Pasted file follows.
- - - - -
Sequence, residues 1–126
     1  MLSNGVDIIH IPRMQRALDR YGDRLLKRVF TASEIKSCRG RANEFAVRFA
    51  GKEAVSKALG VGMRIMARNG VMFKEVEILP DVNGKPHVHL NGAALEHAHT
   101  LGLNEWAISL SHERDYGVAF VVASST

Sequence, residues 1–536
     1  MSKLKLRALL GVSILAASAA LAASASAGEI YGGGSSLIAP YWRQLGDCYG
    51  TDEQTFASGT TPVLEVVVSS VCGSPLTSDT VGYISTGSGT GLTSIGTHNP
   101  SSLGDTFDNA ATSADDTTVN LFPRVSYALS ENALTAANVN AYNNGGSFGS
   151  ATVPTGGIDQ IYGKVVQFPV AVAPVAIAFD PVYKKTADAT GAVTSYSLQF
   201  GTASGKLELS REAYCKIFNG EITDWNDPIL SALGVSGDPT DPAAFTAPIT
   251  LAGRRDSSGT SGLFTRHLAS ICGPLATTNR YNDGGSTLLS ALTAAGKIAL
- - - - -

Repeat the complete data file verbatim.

Sequence, residues 1–126
     1  MLSNGVDIIH IPRMQRALDR YGDRLLKRVF TASEIKSCRG RANEFAVRFA
    51  GKEAVSKALG VGMRIMARNG VMFKEVEILP DVNGKPHVHL NGAALEHAHT
   101  LGLNEWAISL SHERDYGVAF VVASST

Sequence, residues 1–536
     1  MSKLKLRALL GVSILAASAA LAASASAGEI YGGGSSLIAP YWRQLGDCYG
    51  TDEQTFASGT TPVLEVVVSS VCGSPLTSDT VGYISTGSGT GLTSIGTHNP
   101  SSLGDTFDNA ATSADDTTVN LFPRVSYALS ENALTAANVN AYNNGGSFGS
   151  ATVPTGGIDQ IYGKVVQFPV AVAPVAIAFD PVYKKTADAT GAVTSYSLQF
   201  GTASGKLELS REAYCKIFNG EITDWNDPIL SALGVSGDPT DPAAFTAPIT
   251  LAGRRDSSGT SGLFTRHLAS ICGPLATTNR YNDGGSTLLS ALTAAGKIAL